Archive for Wordpress

surg’Og interest from Serbia

Posted in Statistics with tags , , , , on January 15, 2018 by xi'an

2014 in review

Posted in Statistics with tags , , , , on January 2, 2015 by xi'an

The WordPress.com stats helper monkeys prepared a 2014 annual report for the ‘Og…

.. and among the collected statistics for 2014, what I found most amazing are the three accesses from Greenland and the one access from Afghanistan!

Click here to see the complete report. (Assuming you have nothing better to do on Boxing day…)

unicode in LaTeX

Posted in Books, Linux, Statistics, University life with tags , , , , , , on October 9, 2014 by xi'an

As I was hurriedly trying to cram several ‘Og posts into a conference paper (!), I looked around for a way of including Unicode characters straight away. And found this solution on StackExchange:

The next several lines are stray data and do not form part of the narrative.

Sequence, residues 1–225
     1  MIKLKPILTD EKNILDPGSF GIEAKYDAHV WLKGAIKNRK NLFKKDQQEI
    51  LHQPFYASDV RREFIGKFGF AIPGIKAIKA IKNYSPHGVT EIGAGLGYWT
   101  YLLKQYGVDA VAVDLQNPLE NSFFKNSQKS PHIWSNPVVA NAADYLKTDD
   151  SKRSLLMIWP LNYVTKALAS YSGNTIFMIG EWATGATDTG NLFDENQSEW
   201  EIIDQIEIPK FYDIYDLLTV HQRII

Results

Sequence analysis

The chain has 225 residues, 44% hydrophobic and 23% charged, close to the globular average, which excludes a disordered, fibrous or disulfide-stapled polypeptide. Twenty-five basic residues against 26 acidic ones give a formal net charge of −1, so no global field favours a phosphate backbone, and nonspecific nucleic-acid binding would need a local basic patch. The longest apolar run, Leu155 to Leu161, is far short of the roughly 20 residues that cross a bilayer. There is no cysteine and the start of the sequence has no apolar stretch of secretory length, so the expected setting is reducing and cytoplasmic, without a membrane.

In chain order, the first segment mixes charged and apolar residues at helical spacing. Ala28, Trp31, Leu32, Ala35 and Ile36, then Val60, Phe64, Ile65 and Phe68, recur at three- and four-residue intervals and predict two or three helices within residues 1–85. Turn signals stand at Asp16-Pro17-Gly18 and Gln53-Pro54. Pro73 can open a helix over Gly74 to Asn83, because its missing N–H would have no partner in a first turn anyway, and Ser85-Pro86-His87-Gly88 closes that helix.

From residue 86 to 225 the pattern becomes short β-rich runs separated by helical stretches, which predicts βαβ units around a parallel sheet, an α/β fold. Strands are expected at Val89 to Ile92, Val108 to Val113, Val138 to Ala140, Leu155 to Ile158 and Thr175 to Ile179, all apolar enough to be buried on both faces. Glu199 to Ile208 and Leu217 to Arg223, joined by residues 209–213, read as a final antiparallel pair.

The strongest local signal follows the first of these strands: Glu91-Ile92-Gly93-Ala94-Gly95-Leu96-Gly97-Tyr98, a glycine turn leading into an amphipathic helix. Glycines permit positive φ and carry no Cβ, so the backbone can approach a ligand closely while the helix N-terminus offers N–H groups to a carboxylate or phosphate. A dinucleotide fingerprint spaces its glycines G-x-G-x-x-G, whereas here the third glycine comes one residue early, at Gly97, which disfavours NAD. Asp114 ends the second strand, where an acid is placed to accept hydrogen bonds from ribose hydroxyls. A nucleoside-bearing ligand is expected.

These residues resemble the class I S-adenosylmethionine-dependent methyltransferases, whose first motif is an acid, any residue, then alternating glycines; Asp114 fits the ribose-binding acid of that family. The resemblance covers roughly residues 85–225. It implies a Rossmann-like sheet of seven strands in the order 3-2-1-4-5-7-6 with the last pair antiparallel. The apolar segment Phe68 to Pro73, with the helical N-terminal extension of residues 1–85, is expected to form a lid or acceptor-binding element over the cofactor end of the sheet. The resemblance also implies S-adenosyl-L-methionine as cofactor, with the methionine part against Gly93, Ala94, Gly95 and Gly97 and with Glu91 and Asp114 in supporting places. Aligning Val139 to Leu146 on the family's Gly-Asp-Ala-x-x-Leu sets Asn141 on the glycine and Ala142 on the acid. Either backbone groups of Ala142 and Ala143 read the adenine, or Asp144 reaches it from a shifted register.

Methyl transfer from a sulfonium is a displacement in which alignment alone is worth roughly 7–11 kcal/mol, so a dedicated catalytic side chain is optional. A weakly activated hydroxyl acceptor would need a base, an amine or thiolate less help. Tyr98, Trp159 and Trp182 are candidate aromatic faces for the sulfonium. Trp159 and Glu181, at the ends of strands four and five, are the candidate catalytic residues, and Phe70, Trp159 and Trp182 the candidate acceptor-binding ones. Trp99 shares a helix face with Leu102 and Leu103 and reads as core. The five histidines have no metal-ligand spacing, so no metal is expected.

\usepackage[mathletters]{ucs}
\usepackage[utf8x]{inputenc}

which just suited me fine!

RSS statistical analytics challenge 2014

Posted in Kids, R, Statistics, University life, Wines with tags , , , , on May 2, 2014 by xi'an

RSS_Challenge_2014Great news! The RSS is setting a data analysis challenge this year, sponsored by the Young Statisticians Section and Research Section of the Royal Statistical Society: Details are available on the wordpress website of the Challenge. Registration is open and the Challenge goes live on Tuesday 6 May 2014 for an exciting 6 weeks competition. (A wee bit of an unfortunate timing for those of us considering submitting a paper to NIPS!) Truly terrific, I have been looking for this kind of event to happen for many years (without finding the momentum to set it rolling…)  and hope it will generate a lot of exciting activity and replicas in other societies.

2013 in review [by WordPress]

Posted in Uncategorized with tags , on December 31, 2013 by xi'an

The WordPress.com stats helper monkeys prepared a 2013 annual report for this blog.

Here’s an excerpt:

The Louvre Museum has 8.5 million visitors per year. This blog was viewed about 250,000 times in 2013. If it were an exhibit at the Louvre Museum, it would take about 11 days for that many people to see it.

Click here to see the complete report.